- At least current value + 10%
- At most current value * 2
TreeCrunch’s DynamoDB Scaling Implementation:
- If DynamoDB has no action, the metric will show “Insufficient Data”. We can simply consider this as the consumed capacity being zero.
- To reduce flipping alarms (high consumption reading vs. insufficient data), we can average the value over a longer period of time, say 5 minutes. Even if there is only one data point within the 5 minutes range, there are still sufficient data points to calculate the value.
Using a 1 minute average with an evaluation period of 5 gives us the same effect. This allows us to setup a trigger time to 7 or 9 minutes.
Flipping alarms are actually useful because once an alarm has reached the ALARM state, it will only execute the action once. In some cases, we actually want the alarm to trigger more than once.
- The minimum increase of 10% and max of 100% means we have to trigger the alarm multiple times before reaching our desired value, thus, an alarm that moves in relation to a new trigger value is required.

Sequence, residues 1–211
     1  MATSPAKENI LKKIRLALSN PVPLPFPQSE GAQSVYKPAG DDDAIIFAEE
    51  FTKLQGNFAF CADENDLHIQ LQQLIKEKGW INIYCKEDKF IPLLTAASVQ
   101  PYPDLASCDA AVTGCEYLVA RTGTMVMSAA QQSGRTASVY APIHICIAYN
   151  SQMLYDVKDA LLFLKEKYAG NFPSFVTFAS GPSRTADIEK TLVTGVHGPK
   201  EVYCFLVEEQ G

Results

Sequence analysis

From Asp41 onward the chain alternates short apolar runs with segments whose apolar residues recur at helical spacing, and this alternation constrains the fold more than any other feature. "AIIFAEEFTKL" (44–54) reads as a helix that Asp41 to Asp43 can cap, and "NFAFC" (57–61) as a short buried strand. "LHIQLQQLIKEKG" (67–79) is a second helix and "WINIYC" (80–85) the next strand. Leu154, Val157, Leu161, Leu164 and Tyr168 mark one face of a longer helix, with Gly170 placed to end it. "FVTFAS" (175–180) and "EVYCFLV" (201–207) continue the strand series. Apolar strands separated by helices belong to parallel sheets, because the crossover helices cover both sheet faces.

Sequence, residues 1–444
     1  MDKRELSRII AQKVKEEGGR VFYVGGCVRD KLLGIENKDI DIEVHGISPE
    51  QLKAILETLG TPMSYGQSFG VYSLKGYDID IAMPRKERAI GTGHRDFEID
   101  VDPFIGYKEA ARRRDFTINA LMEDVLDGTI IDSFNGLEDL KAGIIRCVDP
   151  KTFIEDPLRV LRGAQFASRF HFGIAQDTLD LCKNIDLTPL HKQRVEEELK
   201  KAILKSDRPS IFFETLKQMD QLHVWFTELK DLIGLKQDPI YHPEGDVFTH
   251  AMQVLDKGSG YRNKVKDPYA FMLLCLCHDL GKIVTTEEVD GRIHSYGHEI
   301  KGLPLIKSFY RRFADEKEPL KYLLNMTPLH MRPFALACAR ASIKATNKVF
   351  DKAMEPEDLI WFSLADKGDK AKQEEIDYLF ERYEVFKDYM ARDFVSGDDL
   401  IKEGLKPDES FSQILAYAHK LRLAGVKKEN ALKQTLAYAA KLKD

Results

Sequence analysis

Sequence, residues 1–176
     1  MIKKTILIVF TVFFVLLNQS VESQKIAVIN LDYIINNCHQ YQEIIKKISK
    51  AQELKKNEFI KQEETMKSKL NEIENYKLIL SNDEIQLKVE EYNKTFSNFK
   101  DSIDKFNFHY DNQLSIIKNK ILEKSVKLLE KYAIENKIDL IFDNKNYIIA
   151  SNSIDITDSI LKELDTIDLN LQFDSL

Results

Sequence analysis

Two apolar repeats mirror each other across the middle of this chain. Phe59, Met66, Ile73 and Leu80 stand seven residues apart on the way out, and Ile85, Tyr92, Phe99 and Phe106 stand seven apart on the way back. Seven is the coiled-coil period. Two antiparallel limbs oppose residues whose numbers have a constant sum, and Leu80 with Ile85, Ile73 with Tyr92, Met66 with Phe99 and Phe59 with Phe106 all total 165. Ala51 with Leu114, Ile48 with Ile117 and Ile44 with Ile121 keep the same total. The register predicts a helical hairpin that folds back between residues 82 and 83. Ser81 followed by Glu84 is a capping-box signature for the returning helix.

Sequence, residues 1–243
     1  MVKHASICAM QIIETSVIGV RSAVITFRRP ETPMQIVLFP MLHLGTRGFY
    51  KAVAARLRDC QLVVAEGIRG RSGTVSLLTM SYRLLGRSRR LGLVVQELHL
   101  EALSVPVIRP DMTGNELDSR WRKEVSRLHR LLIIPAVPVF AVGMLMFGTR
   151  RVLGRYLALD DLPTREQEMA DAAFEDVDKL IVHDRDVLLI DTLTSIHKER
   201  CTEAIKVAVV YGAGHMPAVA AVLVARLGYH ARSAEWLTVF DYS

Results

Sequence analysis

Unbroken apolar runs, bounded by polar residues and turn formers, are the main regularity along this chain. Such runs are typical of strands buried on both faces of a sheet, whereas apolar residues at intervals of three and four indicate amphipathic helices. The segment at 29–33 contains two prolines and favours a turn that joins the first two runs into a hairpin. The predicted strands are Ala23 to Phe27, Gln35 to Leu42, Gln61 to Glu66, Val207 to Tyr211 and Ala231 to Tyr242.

- We need to periodically check and decrease the capacity, any ordinary alarm won’t help because during the time that alarm has been triggered, the table may not be ready to be scaled down yet.
While the following illustration is fairly basic, it does provide a bit of visual insight in how that procedure works.
The great about Amazon is: they are interested in how we use their services. Therefore, we are constantly exchanging ideas and concerns with them. Though, we are not sure if the current DynamoDB scaling methodology works in all cases, we have implemented it and will observe over time how it works for us. We have also submitted our approach to Amazon for their internal review.